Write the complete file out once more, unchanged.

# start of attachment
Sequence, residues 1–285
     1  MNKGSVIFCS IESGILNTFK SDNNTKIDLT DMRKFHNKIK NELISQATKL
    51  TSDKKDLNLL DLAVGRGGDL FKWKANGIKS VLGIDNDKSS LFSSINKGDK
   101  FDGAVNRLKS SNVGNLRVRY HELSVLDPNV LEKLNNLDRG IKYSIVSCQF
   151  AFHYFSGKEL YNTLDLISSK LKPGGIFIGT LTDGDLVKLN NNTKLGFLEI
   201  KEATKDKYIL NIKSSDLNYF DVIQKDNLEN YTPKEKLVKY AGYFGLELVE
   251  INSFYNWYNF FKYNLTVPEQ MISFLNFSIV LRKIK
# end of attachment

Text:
Sequence, residues 1–285
     1  MNKGSVIFCS IESGILNTFK SDNNTKIDLT DMRKFHNKIK NELISQATKL
    51  TSDKKDLNLL DLAVGRGGDL FKWKANGIKS VLGIDNDKSS LFSSINKGDK
   101  FDGAVNRLKS SNVGNLRVRY HELSVLDPNV LEKLNNLDRG IKYSIVSCQF
   151  AFHYFSGKEL YNTLDLISSK LKPGGIFIGT LTDGDLVKLN NNTKLGFLEI
   201  KEATKDKYIL NIKSSDLNYF DVIQKDNLEN YTPKEKLVKY AGYFGLELVE
   251  INSFYNWYNF FKYNLTVPEQ MISFLNFSIV LRKIK